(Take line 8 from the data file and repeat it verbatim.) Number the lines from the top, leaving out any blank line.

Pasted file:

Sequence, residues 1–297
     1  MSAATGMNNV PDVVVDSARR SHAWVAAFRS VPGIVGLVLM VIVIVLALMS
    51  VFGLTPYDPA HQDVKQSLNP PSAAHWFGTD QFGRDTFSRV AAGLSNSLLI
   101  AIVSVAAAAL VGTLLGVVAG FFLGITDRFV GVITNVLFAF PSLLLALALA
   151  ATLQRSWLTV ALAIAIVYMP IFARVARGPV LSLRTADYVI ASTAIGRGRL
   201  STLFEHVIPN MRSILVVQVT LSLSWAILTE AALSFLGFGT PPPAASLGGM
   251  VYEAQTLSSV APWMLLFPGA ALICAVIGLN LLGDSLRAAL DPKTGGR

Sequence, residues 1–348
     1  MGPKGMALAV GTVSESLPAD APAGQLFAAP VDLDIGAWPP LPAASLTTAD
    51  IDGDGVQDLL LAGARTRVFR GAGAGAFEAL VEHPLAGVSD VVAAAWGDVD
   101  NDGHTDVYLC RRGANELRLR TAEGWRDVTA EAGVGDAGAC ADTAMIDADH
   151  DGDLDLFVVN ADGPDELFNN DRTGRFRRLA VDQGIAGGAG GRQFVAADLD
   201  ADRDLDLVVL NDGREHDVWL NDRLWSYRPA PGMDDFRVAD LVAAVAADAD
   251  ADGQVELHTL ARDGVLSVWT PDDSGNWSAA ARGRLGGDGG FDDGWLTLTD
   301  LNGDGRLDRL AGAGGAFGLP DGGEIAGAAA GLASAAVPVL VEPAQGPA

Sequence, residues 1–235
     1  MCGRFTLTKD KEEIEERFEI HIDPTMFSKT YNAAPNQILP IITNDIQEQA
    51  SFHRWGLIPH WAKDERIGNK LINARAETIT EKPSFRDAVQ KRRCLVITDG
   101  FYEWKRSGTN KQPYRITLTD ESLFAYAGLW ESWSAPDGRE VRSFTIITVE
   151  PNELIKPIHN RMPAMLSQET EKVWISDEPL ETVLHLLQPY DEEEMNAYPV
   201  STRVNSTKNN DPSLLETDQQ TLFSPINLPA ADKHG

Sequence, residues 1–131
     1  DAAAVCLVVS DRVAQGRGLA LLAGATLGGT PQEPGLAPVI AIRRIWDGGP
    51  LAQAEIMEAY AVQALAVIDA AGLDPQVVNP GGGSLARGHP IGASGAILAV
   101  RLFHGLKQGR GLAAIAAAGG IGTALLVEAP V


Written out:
Sequence, residues 1–348